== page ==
For this reason, the focus of the exclusion in s. 1.8.2 is on passengers in uninsured vehicles (that is, passengers in vehicles not driven by its owner or the spouse of its owner), as in the case at bar. In order to claim under the uninsured automobile provisions of the Policy, a claimant must not otherwise be excluded from coverage under the Policy. Therefore, the exclusion in s. 1.8.2 determines which passengers in uninsured automobiles can claim coverage under s. 5 of the Policy.
 The first paragraph of the exclusion sets out that “there is no coverage (including coverage for occupants) under this policy if the automobile is used or operated by a person in possession of the automobile without the owner’s consent or is driven by a person named as an excluded driver of the automobile policy or a person who, at the time he or she willingly becomes an occupant of an automobile, knows or ought reasonably to know that the automobile is being used or operated by a person in possession of the automobile without the owner’s consent” (emphasis added).
 The second paragraph of the exclusion sets out that, “there is no coverage under this policy for a person who, at the time he or she willingly becomes an occupant of an automobile, knows or ought reasonably to know that the automobile is being used or operated by a person in possession of the automobile without the owner’s consent.”
 Each of the two paragraphs that comprise s. 1.8.2 appear to exempt certain passengers from the exclusion who neither know nor ought reasonably to know the vehicle in which they were travelling when injured was driven without permission.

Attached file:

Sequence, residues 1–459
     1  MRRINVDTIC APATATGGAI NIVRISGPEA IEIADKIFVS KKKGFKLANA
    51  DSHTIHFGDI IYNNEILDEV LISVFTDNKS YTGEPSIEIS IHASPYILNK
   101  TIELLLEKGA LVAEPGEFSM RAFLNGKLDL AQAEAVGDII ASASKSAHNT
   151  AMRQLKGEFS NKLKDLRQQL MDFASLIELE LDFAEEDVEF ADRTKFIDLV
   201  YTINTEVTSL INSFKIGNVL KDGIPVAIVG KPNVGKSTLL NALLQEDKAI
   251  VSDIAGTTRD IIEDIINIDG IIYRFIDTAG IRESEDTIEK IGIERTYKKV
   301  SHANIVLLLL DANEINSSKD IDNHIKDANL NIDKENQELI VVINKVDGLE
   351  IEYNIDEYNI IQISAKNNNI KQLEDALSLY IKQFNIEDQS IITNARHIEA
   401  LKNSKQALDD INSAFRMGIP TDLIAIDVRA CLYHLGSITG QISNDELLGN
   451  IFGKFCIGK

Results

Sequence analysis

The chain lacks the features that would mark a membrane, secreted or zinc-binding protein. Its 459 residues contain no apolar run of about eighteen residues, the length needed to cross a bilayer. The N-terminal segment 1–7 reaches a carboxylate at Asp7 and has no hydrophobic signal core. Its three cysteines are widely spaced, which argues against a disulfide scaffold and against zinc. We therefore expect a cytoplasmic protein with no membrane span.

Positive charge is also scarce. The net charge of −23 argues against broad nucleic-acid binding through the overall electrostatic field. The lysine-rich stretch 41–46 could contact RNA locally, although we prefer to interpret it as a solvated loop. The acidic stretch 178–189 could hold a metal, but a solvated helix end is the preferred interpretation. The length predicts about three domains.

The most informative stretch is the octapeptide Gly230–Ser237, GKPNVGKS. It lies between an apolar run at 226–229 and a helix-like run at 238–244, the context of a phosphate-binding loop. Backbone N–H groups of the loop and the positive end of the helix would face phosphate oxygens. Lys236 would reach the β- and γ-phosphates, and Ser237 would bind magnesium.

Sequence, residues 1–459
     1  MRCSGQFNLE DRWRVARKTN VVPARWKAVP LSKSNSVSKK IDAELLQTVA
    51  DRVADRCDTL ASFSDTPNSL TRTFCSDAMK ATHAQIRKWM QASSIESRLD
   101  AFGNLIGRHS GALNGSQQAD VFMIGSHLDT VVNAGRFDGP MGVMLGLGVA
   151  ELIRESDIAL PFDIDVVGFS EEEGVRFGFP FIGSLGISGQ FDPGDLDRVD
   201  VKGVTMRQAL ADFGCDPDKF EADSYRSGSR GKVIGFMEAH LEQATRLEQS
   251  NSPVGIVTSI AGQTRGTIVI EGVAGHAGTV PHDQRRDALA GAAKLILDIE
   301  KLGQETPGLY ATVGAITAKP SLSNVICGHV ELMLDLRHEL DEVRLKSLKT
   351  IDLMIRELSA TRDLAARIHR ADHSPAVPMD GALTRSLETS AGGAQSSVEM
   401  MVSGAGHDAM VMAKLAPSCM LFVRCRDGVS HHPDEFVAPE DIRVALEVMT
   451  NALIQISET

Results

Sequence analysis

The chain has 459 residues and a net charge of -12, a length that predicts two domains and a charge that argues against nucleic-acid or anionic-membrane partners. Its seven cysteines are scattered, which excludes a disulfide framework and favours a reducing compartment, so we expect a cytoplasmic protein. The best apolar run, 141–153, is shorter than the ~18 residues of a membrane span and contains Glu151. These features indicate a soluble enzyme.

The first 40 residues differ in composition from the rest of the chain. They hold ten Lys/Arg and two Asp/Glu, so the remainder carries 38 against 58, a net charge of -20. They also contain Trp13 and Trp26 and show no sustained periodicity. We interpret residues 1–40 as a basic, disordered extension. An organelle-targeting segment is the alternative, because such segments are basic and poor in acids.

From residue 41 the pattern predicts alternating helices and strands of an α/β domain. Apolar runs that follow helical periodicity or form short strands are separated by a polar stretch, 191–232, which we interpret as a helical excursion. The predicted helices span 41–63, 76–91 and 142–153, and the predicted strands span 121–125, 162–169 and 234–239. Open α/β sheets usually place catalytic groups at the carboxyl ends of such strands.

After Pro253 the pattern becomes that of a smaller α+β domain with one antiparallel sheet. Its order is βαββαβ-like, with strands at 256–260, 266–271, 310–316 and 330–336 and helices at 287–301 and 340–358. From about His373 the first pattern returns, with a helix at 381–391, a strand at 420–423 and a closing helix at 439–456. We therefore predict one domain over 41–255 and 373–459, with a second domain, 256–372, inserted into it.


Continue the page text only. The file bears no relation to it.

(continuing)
The two questions which must be determined on this appeal are first, which passengers are covered by this exemption to the exclusion under s. 1.8.2 (and how are the two different paragraphs setting out exemptions from the exclusion different from one another); and second, does Mr. Burnham fall into one of the categories of passengers exempted from the exclusion.
The interpretive principles applicable to the Policy
 Section 1.8.2 of the Policy is not without its uncertainties. Both paragraphs appear to extend coverage to innocent occupants injured in stolen vehicles. Additionally, the distinction between “the automobile” and “an automobile” in the two paragraphs is not defined.
 Because of this ambiguity, it is important to begin by setting out the key principles applicable to the Policy.
 The first applicable principle, as stated above, is that the Policy as a statutory requirement should be read in its entire context and in its grammatical and ordinary sense, harmoniously with the scheme of the Act, the object of the Act, and the intention of the legislature: Rizzo, at para. 21.
 The second interpretive principle is that exclusions in insurance policies are interpreted narrowly: Amos v. Insurance Corporation of British Columbia, 1995 CanLII 66 (SCC),  3 S.C.R. 405, at para. 16. As a general rule, clauses in insurance policies will be granted a liberal meaning “in favour of the insured and those clauses excluding coverage [will be] construed strictly against the insurer”: Chilton v. Co-operators General Insurance Co. (1997), 1997 CanLII 765 (ON CA), 32 O.R. (3d) 161 (C.A.), at p. 167.
 The third principle is that the purpose of uninsured automobile coverage is to internalize the cost of driving so that payment is made by insurers rather than the Fund. As Hoy J.A. explained in Bruinsma v. Cresswell, 2013 ONCA 111, 360 D.L.R. (4th) 484, at para. 24:
Section 265 requires uninsured automobile coverage. Effective March 1, 1980, uninsured automobile coverage, which had been optional and limited in scope since 1969, became mandatory. The purpose of the provision was to spread the risk of uninsured drivers among drivers (through insurance policies) rather than among the tax base generally (through the Fund): see Chambo v. Musseau (1993), 1993 CanLII 8680 (ON CA), 15 O.R. (3d) 305, at para. 11. Section 265(1) of the Act requires that every contract evidenced by a motor vehicle liability policy provide, inter alia, for payment to an insured of all sums the insured is entitled to recover from the owner or driver of an uninsured automobile as damages for bodily injury, “subject to the terms, conditions, provisions, exclusions and limits as are prescribed by the regulations.” [Italics in original; underlining added.]